Ratings: Guardian, Golden Bear, ARIC, SUIC, First American, Seminole

June 5, 2009

A.M. Best Co. has upgraded the financial strength rating to ‘A-‘ (Excellent) from ‘B++’ (Good) and issuer credit rating to “a-” from “bbb+” of Guardian Insurance Company, headquartered in the U.S. Virgin Islands, both with stable outlooks. Best said the action follows Guardian’s “favorable operating results, dominant automobile market share, strong name recognition” in the Virgin Islands (USVI) market.” It also benefits from the financial support it receives from its ultimate parent, Lockhart Companies Incorporated (LCI), a major real estate developer in the USVI., which has demonstrated support by past capital contributions and its stated willingness to make further cash infusions if needed. The company is a “significant player in the automobile segment.” It has been operating in the USVI for almost 25 years, and its business growth is attributed to its extensive distribution network. Guardian Insurance has established strong brand name recognition and is the leading automobile writer with a dominant share of the local market. The company’s underwriting and operating results have improved substantially in recent years and compare favorably to its industry composite. Partially offsetting these strengths is Guardian Insurance’s elevated expense structure, high dependence on reinsurance and the geographic concentration of its business in the USVI.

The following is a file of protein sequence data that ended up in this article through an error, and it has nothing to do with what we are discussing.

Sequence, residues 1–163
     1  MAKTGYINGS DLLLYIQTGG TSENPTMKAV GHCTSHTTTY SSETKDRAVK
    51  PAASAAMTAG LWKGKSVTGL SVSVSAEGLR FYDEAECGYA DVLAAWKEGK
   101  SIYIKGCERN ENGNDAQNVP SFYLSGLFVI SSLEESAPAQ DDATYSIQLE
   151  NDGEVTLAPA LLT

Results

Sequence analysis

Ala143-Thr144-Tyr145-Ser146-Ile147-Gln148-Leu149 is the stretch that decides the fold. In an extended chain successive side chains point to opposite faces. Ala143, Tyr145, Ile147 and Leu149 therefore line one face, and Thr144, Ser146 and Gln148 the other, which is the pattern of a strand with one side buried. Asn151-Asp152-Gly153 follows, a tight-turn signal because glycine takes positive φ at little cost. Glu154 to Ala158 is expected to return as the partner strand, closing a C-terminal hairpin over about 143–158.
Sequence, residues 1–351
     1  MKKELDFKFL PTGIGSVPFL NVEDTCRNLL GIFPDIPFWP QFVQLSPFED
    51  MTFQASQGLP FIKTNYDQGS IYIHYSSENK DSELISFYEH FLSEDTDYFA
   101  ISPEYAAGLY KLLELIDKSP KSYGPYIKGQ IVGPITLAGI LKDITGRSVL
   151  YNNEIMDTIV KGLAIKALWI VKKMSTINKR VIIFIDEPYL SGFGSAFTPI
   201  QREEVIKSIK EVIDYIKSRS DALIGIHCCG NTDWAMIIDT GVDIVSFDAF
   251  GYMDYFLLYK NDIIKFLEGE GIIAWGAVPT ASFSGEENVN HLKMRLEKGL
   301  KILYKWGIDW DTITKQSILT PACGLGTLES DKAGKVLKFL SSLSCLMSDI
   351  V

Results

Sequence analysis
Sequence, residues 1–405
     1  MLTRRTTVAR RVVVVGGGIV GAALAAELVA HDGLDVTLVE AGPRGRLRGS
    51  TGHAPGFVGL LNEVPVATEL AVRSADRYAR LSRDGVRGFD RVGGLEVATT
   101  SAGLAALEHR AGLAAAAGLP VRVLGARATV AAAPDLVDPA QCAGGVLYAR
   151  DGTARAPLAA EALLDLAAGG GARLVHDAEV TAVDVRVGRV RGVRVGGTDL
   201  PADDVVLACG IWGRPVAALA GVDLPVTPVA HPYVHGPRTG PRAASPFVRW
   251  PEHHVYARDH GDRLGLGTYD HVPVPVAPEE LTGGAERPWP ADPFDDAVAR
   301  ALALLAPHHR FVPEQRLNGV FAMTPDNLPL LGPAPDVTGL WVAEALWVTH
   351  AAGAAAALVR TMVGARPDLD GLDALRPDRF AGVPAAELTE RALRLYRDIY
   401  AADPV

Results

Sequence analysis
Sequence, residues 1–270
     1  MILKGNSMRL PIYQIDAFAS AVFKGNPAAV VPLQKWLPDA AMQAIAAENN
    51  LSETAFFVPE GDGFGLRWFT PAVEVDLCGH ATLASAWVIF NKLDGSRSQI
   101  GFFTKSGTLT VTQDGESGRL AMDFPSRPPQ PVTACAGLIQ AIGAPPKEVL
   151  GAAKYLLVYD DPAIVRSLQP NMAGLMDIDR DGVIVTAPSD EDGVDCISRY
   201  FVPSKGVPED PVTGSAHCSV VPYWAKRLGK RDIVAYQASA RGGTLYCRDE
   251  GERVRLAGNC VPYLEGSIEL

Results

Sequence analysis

A.M. Best Co. has upgraded the financial strength rating to ‘A-‘ (Excellent) from’ B++’ (Good) and issuer credit rating to “a-” from “bbb+” of Calif.-based Golden Bear Insurance Company, and has revised its outlook on the ratings to stable from positive. Best said the rating actions “reflect Golden Bear’s historic underwriting and operating profitability, supportive capital position and well established local market presence in California.” Best also cited the Company’s “disciplined underwriting approach, conservative operating strategies, niche underwriting expertise, aggregate risk management and extensive knowledge of the California earthquake market.” However, Golden Bear’s “vulnerability to reinsurance availability and pricing, given the heavy dependence upon reinsurance, geographic concentration of risk and the somewhat limited financial flexibility of its parent,” should be considered as offsetting factors. The geographic concentration exposes Golden Bear to significant shock losses and competitive, regulatory and legislative market pressures. The rating outlook is based upon Golden Bear’s cycle management capabilities, continued adherence to price discipline, prudent risk management strategies, sustained profitability and supportive risk-adjusted capitalization.